Karritpul’s involvement in the arts flows deeper into the Indigenous Australian art community.

At 354-kilometres long, the river supports a diverse ecosystem—home to wildlife including crocodiles, turtles, and barramundi—an invaluable commodity and food source for the region. The barramundi is a migratory fish distributed across Australia’s northern face, stretching from west to east. Typically growing over a metre long, the fish is favoured by the Daly’s apex predators, saltwater crocodiles.

Exhibition view: Kieren Karritpul, Making the Ancestors Smile, Tolarno Galleries, Melbourne (29 October–19 November 2022).

Exhibition view: Kieren Karritpul, Making the Ancestors Smile, Tolarno Galleries, Melbourne (29 October–19 November 2022). Courtesy Tolarno Galleries. Photo: Andrew Curtis.

Barramundis are a popular target for anglers and recreational fishers and a big part of Australia’s commercial fisheries. Adept at avoiding fixed nets, they are more likely to be caught using lines, traps, and lures. These tools form the primary subject of Kieren Karritpul’s first major solo exhibition, Making the Ancestors Smile at Tolarno Galleries in Naarm (Melbourne) (29 October–19 November 2022).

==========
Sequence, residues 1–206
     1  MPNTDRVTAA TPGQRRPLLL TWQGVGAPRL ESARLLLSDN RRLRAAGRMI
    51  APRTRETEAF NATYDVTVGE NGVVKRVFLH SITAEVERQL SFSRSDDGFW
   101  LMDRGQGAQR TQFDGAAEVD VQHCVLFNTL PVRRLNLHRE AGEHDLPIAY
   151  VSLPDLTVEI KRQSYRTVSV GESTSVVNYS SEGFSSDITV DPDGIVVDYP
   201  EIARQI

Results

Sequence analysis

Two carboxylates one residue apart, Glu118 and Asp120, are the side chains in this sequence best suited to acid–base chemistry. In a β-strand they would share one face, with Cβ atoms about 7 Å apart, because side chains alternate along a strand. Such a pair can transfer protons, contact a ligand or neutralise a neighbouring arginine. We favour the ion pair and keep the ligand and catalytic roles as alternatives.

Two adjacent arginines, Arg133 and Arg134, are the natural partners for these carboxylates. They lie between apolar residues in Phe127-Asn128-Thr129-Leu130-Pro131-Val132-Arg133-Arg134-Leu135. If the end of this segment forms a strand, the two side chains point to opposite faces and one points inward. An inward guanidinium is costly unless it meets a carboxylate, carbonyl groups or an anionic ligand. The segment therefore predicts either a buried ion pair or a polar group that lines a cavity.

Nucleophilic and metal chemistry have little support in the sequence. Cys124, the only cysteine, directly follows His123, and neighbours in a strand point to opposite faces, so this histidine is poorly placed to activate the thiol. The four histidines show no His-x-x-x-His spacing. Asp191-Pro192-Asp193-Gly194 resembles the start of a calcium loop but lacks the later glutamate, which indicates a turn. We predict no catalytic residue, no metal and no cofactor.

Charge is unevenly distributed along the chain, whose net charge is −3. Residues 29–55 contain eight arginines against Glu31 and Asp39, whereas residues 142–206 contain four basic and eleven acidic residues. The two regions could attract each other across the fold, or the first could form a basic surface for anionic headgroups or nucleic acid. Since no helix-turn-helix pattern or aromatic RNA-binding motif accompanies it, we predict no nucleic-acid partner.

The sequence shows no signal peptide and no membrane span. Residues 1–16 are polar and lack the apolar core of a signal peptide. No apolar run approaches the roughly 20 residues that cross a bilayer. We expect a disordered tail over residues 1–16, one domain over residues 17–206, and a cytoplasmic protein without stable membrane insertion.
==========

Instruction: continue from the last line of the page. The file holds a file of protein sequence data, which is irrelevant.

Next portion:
Having grown up fishing around the river, Karritpul employs these objects to represent his intrinsic relationship with the land. He has said, ‘We are the freshwater people. … Our works are always based around the billabong, creek, rivers; bush tucker that we collect from the water. Water lilies from the billabong; animals like turtles, and fish … The land is part of us, and we are part of the land.’

Kieren Karritpul, Fish Trap (2022). Acrylic on linen. 205.5 x 97.5 cm. Exhibition view: Making the Ancestors Smile, Tolarno Galleries, Melbourne (29 October–19 November 2022).

Kieren Karritpul, Fish Trap (2022). Acrylic on linen. 205.5 x 97.5 cm. Exhibition view: Making the Ancestors Smile, Tolarno Galleries, Melbourne (29 October–19 November 2022). Courtesy Tolarno Galleries. Photo: Andrew Curtis.